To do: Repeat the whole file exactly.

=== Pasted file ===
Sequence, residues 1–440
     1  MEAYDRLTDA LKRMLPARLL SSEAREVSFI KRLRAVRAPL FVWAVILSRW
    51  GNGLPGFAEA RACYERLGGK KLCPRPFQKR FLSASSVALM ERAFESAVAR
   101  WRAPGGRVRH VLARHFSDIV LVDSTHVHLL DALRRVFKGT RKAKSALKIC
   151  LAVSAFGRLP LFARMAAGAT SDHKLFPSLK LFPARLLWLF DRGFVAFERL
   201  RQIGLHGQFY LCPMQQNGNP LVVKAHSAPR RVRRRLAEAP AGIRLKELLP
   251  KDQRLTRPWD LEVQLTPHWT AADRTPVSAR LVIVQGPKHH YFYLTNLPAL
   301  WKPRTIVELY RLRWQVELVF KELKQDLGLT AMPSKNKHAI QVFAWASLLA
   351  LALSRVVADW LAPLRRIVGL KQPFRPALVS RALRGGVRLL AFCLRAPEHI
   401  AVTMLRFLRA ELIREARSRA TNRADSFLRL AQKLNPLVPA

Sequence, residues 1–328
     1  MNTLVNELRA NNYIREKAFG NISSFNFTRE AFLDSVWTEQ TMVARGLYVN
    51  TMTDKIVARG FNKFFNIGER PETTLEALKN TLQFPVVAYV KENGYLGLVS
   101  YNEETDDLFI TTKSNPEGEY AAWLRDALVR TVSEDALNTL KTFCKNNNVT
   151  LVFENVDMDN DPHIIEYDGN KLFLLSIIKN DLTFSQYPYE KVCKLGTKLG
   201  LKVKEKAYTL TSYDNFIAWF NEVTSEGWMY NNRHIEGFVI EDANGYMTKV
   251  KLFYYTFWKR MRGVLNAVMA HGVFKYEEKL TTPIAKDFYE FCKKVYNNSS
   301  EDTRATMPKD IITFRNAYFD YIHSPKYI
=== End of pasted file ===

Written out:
Sequence, residues 1–440
     1  MEAYDRLTDA LKRMLPARLL SSEAREVSFI KRLRAVRAPL FVWAVILSRW
    51  GNGLPGFAEA RACYERLGGK KLCPRPFQKR FLSASSVALM ERAFESAVAR
   101  WRAPGGRVRH VLARHFSDIV LVDSTHVHLL DALRRVFKGT RKAKSALKIC
   151  LAVSAFGRLP LFARMAAGAT SDHKLFPSLK LFPARLLWLF DRGFVAFERL
   201  RQIGLHGQFY LCPMQQNGNP LVVKAHSAPR RVRRRLAEAP AGIRLKELLP
   251  KDQRLTRPWD LEVQLTPHWT AADRTPVSAR LVIVQGPKHH YFYLTNLPAL
   301  WKPRTIVELY RLRWQVELVF KELKQDLGLT AMPSKNKHAI QVFAWASLLA
   351  LALSRVVADW LAPLRRIVGL KQPFRPALVS RALRGGVRLL AFCLRAPEHI
   401  AVTMLRFLRA ELIREARSRA TNRADSFLRL AQKLNPLVPA

Sequence, residues 1–328
     1  MNTLVNELRA NNYIREKAFG NISSFNFTRE AFLDSVWTEQ TMVARGLYVN
    51  TMTDKIVARG FNKFFNIGER PETTLEALKN TLQFPVVAYV KENGYLGLVS
   101  YNEETDDLFI TTKSNPEGEY AAWLRDALVR TVSEDALNTL KTFCKNNNVT
   151  LVFENVDMDN DPHIIEYDGN KLFLLSIIKN DLTFSQYPYE KVCKLGTKLG
   201  LKVKEKAYTL TSYDNFIAWF NEVTSEGWMY NNRHIEGFVI EDANGYMTKV
   251  KLFYYTFWKR MRGVLNAVMA HGVFKYEEKL TTPIAKDFYE FCKKVYNNSS
   301  EDTRATMPKD IITFRNAYFD YIHSPKYI